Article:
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The Arcadians (1927)

A nightclub owner who suspects that the police are after him for running an illegal operation after closing time moves to Arcadia to get away from the heat, but finds that both his club and... See full summary »



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Cast overview, first billed only:
Jeanne De Casalis ...
Mrs. Smith
Vesta Sylva ...
Eileen Cavanaugh
Gibb McLaughlin ...
Peter Doody
Humberston Wright ...
Sir George Paddock
Cyril McLaglen ...
The Crook
Doris Bransgrove ...
Nancy Rigg ...
Teddy Brown ...
Teddy Brown
Tracey and Haye ...
Speciality Act
The John Tiller Girls ...
The John Tiller Girls (as The Tiller Girls)
Lola ...
Luis ...
Balliol and Merton ...
Balliol & Merton


A nightclub owner who suspects that the police are after him for running an illegal operation after closing time moves to Arcadia to get away from the heat, but finds that both his club and his wife are about to become the property of a crooked jockey. Written by

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Release Date:

October 1927 (UK)  »

Also Known As:

Cabaret da Meia-Noite  »

Company Credits

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Technical Specs

Sound Mix:

Aspect Ratio:

1.33 : 1
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Did You Know?


Directorial debut of Victor Saville. See more »

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User Reviews

Starring a Blue comedian.
25 July 2008 | by (Minffordd, North Wales) – See all my reviews

Years ago, I thought that John Longden the film actor and Johnny Longden the jockey were the same person, so (more recently) I was amused to discover that Longden the actor portrays a jockey in this film version of 'The Arcadians'. Unfortunately, I wasn't nearly as amused by this movie itself.

'The Arcadians' was originally a hugely successful stage musical in England, imported Stateside with nearly as much success. This film version was produced by Gaumont British in 1927 and is therefore silent, the British film industry in '27 not yet capable of soundtracks. It's not especially surprising that a stage musical would be filmed during the silent-movie era, especially since 'The Arcadians' was so popular. This movie inevitably deletes the songs and most of the dancing; fortunately the basic story retains enough interest to succeed (somewhat) on its own.

I managed to Steenbeck a deteriorated and incomplete nitrate print of 'The Arcadians', which retains interest even for non-musical fans because of the efficient direction by Victor Saville.

We begin in the classical idyll of Arcadia, when out of the sky plummets British aviator Smith. The latter is played by an actor named Ben Blue, but he is NOT the Canadian comedian who cavorted in Hollywood: at Paramount in the 1930s and at MGM in the '40s. Some sequences of the 'Arcadians' print that I viewed were so badly deteriorated that I couldn't see the actors' faces clearly, but I'm quite certain that this performer is quite another Ben Blue entirely. The Hollywood Blue had some very distinctive moves as an eccentric dancer; the Ben Blue in this film has a few eccentric moves of his own, but his body language is quite distinct from that of his Hollywood namesake. Whoever this Blue is, he pulls off a couple of pratfalls that would be a credit to the (very agile) Hollywood Blue. Why did this man make no more movies?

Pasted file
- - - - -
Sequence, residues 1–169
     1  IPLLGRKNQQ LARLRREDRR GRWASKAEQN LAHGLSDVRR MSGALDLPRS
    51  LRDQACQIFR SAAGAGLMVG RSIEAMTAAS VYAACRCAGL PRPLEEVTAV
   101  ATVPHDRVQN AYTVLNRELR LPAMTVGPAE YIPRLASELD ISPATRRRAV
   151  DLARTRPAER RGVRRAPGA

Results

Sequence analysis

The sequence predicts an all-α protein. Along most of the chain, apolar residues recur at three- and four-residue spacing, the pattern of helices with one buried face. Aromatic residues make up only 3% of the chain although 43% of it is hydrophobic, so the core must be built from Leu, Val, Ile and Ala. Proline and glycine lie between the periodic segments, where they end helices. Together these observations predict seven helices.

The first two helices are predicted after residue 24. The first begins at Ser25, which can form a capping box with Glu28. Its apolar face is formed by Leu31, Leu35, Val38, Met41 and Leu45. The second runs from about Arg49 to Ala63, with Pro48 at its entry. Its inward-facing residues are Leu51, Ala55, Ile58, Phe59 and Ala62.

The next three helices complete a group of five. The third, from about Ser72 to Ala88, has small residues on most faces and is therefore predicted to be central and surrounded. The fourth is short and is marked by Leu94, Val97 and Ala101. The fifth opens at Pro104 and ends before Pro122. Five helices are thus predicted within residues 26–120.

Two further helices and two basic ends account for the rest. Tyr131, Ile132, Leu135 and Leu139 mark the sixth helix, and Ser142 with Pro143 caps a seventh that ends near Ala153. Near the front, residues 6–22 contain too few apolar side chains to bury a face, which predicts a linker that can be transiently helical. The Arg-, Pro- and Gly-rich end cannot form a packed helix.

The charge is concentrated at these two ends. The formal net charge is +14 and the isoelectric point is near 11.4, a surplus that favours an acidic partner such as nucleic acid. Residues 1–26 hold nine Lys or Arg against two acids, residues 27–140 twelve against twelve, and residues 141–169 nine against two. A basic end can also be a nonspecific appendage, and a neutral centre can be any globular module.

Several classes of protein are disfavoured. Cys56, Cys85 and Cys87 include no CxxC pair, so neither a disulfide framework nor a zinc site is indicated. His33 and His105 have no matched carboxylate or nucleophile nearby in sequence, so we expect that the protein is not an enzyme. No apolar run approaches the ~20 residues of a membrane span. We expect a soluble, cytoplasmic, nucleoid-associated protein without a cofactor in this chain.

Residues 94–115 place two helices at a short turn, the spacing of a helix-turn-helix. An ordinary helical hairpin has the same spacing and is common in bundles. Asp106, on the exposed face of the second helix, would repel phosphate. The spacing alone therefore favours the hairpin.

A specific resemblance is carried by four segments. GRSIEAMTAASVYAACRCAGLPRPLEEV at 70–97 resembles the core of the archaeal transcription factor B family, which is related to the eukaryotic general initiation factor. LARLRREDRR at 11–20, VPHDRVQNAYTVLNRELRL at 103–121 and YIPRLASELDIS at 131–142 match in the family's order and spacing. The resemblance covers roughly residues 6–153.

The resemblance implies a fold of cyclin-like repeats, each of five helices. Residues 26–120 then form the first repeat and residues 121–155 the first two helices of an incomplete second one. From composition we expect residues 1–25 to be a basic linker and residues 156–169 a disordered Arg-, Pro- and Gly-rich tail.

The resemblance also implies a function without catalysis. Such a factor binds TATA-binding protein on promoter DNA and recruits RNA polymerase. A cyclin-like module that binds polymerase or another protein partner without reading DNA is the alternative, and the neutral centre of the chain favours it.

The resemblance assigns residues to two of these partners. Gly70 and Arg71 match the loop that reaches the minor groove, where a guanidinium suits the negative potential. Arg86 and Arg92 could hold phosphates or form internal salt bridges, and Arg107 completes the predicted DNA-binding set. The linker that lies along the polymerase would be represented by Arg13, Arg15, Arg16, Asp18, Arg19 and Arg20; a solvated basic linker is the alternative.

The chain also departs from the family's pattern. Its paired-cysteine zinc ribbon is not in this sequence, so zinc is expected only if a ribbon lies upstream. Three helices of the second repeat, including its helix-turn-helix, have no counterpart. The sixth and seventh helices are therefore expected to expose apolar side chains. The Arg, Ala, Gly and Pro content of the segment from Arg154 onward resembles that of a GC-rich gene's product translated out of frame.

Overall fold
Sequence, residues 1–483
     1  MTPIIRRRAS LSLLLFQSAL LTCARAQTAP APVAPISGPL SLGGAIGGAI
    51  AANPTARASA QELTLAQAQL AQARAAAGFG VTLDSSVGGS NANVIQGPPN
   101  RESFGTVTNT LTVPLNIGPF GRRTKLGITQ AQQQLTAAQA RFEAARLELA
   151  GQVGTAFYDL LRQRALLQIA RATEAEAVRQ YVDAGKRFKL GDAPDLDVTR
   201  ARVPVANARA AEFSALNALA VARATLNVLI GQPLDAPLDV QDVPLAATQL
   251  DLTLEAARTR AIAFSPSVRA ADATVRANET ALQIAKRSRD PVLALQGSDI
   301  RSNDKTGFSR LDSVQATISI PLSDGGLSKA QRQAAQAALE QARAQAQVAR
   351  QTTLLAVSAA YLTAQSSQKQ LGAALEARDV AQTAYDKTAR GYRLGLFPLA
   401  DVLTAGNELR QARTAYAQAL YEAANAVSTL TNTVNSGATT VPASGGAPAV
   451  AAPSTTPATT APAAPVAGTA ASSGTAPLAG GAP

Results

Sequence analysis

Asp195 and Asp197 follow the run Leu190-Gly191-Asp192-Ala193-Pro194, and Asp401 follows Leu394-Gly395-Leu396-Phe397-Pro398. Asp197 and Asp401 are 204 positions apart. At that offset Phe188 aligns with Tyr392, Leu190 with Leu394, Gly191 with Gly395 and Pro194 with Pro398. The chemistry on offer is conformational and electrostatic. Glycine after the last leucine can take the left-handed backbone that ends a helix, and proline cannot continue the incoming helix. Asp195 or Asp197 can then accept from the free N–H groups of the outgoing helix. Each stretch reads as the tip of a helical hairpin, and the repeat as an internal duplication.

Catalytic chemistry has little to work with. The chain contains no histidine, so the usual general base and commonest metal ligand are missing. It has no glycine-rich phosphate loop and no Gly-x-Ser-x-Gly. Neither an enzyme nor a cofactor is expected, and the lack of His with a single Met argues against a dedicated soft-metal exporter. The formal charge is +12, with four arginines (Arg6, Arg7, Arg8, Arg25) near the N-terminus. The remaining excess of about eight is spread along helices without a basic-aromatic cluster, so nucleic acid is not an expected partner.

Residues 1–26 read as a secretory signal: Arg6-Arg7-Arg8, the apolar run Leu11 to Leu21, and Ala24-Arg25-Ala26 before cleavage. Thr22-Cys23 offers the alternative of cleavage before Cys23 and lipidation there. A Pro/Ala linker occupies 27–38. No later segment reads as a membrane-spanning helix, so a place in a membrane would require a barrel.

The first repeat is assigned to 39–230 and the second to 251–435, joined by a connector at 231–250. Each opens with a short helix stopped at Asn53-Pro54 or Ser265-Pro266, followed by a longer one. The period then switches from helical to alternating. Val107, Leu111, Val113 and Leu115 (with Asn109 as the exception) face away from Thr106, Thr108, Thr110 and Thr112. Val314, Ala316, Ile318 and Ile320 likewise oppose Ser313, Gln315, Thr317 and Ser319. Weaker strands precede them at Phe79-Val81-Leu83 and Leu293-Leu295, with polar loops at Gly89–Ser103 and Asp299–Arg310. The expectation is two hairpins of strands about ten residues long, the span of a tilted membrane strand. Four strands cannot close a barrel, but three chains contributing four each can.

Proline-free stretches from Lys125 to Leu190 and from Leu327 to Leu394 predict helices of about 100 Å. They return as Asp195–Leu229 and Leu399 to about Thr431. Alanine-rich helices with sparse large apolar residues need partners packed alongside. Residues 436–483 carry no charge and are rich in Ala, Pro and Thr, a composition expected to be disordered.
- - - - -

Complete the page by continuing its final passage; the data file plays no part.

SLIGHT SPOILERS AHEAD. Anyroad, Smith goes back to England with a couple of Arcadian nymphs. They attend the race meeting at "Askwood" (a weak parody of Ascot) where Smith's wife fails to recognise him after his rejuvenating stint in Arcadia. Mrs Smith is portrayed by Jeanne De Casalis, a character actress midway between Billie Burke and Margaret Dumont. Jack Meadows (Longden) was supposed to be up today, but his mount has thrown him. The same mount has thrown another jockey cried Doody, thus requiring me to say 'Good-bye, Doody' before I get a chance to say 'Howdy, Doody'. Smith (of course) rides the horse instead, and (double of course) he wins, helped by a bit of Arcadian mummery. With his winnings, he and his wife open an Arcadian restaurant in London.

Why am I even trying to synopsise this candyfloss? IMDb have listed Victor McLaglen's brother Cyril in this movie's cast, but I didn't spot him in the incomplete print I viewed. I was also disappointed to miss Balliol and Merton, a comedy turn. More enjoyable for me in the surviving reels were the Tiller Girls, an extremely famous and beloved line of chorines who lent their charms to many a West End musical. (The line-up of individual girls changed frequently, of course.) Here, they show up as Arcadian beauties and as society girls at Askwood and in the Smiths' restaurant. There's a dance speciality that would have worked better in a sound movie.

There are enough good points here to make me regret that I wasn't screening a better (and complete) print of this fluffy comedy, but if a better print is out there I'm not likely to want to sit through this again. As more than fifteen minutes of footage were missing from the print that I viewed, I shan't rate this. The original stage musical was a major production in Britain, so this film version would be of some historic significance even if it hadn't been directed by Saville.

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